‘And is it something you’ll be wanting then? Or are you just after watching other folk work?’ Mr Cusack looked up at me from the deck of his boat, several feet below where I stood on shore. He spoke gruffly, but with the sort of friendly gruffness that the men of Munfrees reserved for not unwelcome breaks from their labours. The gruffness was to let you know that he was busy, as you clearly were not or you would not be bothering him, but—and this was part of the gruffness too—you were not to abuse his willingness to stop and talk with you a bit.
I had been standing there for several minutes waiting for him to acknowledge my presence, wondering when it would be all right for me to speak. I was still unsure of myself around the villagers. Their lives were devoted to activities unfamiliar to me, and in the first days after we arrived in Munfrees I had peppered them with questions. My mother and Aunt Alyce had encouraged me to be curious. Unlike the other behaviours they tried to instil in me, curiosity was a habit I was happy to pursue zealously. But I quickly learned that the inhabitants of Munfrees did not always welcome children’s interruptions. My ‘What are you doing?’ would elicit a scowl and a dark look more often than an answer. That didn’t stop me from being curious—but I usually exercised my curiosity at a careful distance. That day, however, I had a reason for being there, and that emboldened me now that I had received permission to speak. ‘My aunt sent me to ask, Mr Cusack, if we could please have a fish tomorrow.’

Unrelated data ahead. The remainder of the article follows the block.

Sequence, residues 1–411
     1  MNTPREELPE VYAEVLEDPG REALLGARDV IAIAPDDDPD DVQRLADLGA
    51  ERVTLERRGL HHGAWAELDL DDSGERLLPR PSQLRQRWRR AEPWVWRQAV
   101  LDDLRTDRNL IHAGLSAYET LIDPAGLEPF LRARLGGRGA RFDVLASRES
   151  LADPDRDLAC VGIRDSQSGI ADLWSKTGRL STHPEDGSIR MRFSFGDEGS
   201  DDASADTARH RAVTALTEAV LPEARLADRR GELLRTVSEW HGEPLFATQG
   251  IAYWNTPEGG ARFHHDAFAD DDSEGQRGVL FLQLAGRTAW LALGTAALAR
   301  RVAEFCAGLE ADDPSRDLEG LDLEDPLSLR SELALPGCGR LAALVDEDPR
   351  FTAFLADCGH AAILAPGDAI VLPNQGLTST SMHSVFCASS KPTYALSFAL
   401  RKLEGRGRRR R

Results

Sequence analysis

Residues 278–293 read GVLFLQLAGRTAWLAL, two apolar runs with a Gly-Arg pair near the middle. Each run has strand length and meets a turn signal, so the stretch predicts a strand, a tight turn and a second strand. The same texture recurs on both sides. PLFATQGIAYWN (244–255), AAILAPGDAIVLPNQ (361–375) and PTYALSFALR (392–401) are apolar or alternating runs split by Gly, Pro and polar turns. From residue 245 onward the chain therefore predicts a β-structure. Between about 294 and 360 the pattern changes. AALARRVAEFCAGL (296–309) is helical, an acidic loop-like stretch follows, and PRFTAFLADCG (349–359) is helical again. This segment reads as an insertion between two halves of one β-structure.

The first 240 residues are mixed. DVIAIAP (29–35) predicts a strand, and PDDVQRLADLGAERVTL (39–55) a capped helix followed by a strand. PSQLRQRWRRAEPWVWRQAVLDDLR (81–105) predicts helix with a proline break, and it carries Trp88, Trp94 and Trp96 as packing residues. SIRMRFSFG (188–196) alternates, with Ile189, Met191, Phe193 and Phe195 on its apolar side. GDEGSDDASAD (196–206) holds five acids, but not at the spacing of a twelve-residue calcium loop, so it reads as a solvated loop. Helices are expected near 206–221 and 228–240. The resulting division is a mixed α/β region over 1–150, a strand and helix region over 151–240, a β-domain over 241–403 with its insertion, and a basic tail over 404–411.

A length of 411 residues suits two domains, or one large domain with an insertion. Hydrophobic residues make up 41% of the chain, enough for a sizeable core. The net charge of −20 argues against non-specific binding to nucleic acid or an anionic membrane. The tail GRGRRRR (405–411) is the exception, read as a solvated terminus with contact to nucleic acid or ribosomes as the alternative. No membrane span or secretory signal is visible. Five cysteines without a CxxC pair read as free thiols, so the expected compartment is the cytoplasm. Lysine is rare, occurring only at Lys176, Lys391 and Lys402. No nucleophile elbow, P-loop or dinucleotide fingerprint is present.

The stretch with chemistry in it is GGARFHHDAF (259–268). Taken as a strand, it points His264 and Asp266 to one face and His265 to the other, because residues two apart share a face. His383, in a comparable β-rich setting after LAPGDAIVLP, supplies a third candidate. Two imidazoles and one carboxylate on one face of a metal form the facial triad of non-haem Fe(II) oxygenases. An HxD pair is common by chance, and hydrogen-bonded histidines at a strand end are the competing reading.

‘And did she say what kind? There are lots of fish in the ocean. Is it a whale she’ll be wanting or a mackerel?’ He shook his head with the amused puzzlement that the villagers often greeted the ignorance of outsiders such as ourselves.
Mr Cusack was the only commercial fisherman remaining at Munfrees. Old Mrs Ahern had told us that when she had been a girl, there had been a dozen, and small boats had crowded the sheltered inlet just north of the last house in Munfrees. My aunt had asked if it was possible to buy fish in Munfrees, and Mrs Ahern had explained the villagers’ arrangement with Mr Cusack. But as often happened in Munfrees, the present quickly led to the past.